“Following these meetings, which we hold once every ten weeks, we usually set up five substrate trials here,” says Van Geest. “Important aspects we test are the proportions of bark, coir, sphagnum and peat, with and without various additives. Previous cultivation trials have shown that the Infigo mixture is best for our company in terms of crop steering. As a result of the research conducted by the think tank, further improvements have been made to this mixture in the form of plant strengthening additives. The results are positive. The pots are full of healthy roots and leaf surface has increased by 20 to 25 percent.”
Continuous measurement and refinement
This collaboration is also worth its weight in gold to the substrate supplier. Orchid specialist Robin Camphens: “We are an innovative company and we want to stay ahead. With this in mind, we recently hired a microbiologist. His expertise is very enlightening and gives a real boost to our work developing new potting compost mixtures. You only need to look at VG Orchids, where he advised on the successful additives for the substrate. Soon, when our new research centre with phytotrons comes into operation, we will be able to focus even more specifically on orchid solutions.”
Camphens’s colleague Richard Bremmer regularly visits the orchid company to monitor the trials. He also checks the performance of the “standard” substrate, of course, and takes soil samples for a complete chemical analysis once every six weeks. The peat in the mixture makes this research possible. Koppert also carries out plant sap, Trianum and soil nutrient web analyses. Once a week, the grower monitors growth in plant height and width and measures the pH and EC. The results are discussed, following which any necessary adjustments are made to the growing formula or new trials are set up. In short, it’s a continuous process of measurement and refinement.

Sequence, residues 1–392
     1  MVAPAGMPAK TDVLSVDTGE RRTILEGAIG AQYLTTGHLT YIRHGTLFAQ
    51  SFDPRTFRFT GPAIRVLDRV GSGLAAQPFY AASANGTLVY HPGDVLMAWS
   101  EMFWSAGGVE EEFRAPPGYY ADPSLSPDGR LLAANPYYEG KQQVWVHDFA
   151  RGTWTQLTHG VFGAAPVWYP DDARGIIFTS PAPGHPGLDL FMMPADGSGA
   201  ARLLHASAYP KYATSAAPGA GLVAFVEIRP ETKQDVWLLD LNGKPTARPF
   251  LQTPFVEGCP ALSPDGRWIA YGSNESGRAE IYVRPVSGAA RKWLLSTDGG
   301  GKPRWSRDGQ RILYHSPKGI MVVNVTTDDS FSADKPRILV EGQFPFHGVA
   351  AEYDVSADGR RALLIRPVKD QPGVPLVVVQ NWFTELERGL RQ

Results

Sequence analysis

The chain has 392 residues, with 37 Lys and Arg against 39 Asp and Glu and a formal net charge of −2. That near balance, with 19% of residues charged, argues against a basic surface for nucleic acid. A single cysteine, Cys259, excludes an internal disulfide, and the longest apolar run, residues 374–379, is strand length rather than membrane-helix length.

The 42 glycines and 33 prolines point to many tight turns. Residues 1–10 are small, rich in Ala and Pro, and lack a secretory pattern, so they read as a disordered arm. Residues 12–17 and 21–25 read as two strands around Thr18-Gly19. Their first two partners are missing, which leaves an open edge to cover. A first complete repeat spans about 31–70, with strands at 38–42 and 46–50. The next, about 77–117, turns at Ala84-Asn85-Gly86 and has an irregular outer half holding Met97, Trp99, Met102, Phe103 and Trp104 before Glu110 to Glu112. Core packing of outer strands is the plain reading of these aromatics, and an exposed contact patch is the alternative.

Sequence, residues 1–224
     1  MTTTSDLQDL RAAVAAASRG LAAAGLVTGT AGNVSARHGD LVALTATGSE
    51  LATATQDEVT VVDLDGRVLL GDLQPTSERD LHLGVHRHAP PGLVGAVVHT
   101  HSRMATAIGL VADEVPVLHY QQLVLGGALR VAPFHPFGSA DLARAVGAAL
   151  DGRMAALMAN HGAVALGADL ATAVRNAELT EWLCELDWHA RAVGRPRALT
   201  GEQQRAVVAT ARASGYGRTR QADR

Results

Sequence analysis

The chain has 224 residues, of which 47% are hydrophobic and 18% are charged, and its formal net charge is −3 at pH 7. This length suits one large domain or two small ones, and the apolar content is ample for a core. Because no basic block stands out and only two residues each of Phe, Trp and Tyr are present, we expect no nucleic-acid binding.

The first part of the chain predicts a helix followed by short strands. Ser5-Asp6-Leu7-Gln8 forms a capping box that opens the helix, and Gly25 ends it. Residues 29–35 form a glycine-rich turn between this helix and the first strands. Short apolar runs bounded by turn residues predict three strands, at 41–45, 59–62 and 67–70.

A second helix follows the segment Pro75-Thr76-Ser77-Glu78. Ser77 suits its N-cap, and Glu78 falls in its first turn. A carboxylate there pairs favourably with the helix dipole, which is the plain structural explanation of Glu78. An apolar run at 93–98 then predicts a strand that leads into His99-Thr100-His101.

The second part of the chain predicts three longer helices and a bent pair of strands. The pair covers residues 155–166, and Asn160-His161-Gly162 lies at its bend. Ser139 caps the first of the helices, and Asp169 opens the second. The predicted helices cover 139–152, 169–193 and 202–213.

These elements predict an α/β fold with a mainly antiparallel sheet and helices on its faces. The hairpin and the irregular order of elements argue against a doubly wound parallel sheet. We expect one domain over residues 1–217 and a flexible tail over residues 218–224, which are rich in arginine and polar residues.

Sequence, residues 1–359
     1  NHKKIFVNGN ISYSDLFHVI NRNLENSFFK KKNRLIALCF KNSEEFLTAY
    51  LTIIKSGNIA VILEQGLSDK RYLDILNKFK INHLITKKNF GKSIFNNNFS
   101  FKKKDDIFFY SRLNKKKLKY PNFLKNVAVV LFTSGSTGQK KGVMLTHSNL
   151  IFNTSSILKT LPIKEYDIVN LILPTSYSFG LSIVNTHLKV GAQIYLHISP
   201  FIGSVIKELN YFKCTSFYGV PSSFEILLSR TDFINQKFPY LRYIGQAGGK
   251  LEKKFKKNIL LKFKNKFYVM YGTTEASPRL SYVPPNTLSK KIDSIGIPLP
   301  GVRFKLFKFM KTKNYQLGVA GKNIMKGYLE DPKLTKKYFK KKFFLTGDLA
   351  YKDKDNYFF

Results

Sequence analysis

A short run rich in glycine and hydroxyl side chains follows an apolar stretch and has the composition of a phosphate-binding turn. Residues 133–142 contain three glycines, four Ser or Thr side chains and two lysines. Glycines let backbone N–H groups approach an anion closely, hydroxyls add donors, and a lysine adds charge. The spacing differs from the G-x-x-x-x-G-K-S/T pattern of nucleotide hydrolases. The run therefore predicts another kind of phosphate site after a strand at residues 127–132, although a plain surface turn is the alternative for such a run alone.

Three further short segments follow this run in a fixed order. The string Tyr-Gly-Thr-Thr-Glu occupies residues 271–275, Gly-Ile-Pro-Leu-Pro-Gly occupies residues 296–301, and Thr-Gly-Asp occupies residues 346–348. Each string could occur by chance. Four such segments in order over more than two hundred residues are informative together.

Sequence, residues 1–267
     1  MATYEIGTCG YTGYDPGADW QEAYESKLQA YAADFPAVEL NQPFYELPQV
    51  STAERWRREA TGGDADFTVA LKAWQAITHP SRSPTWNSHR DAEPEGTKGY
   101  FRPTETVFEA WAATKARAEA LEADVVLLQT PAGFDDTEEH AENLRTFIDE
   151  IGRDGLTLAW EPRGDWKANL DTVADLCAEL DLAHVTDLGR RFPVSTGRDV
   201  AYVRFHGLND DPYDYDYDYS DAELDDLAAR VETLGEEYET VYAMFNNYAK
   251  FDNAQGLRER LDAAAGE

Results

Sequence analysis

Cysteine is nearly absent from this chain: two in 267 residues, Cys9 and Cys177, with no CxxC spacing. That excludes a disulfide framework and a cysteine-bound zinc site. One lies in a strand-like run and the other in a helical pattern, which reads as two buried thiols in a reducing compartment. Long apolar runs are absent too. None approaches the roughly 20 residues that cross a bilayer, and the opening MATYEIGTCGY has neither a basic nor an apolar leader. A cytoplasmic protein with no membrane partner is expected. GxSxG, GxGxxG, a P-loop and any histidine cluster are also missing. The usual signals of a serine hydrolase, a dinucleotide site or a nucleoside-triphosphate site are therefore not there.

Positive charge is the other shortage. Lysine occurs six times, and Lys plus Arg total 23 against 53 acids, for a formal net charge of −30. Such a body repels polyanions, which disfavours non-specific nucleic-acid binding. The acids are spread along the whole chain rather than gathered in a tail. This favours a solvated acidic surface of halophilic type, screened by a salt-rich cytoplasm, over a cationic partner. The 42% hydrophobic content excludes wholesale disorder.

The two partners hope to be able to observe more effects of the new substrate in the near future. Bremmer: “We expect a more resilient crop to lead to fewer losses. And of course the quality should be better too: a healthy plant branches better and produces lots of buds. I am gradually seeing an upward trend. Of course, resilience depends on several factors. Your crop protection strategy must be right, you must get your hygiene right – that sort of thing. But the main focus is still on the root environment, and our grower-specific potting compost mixture is an important step in this direction.”
Van Geest appreciates the supplier’s input. “Their knowledge is pure added value for us. We have every faith in their people and their product. The quality is consistent year round, and orchids appreciate that; inconsistency leads to stress and stunted growth. And as a grower, that’s something you want to prevent at all costs. A resilient plant can do so much more.”
The Dutch pot plant company VG Orchids has switched to a tailor-made substrate for Phalaenopsis. Standard potting composts are often too sterile and VG Orchids hopes to create a healthier climate for the roots with additives like peat and Trianum. A good mixture is the basis for a strong root package and, ultimately, a more resilient crop. This resilience should reduce stress and offers growers an opportunity to reduce their use of chemicals.
Text: Jojanneke Rodenburg.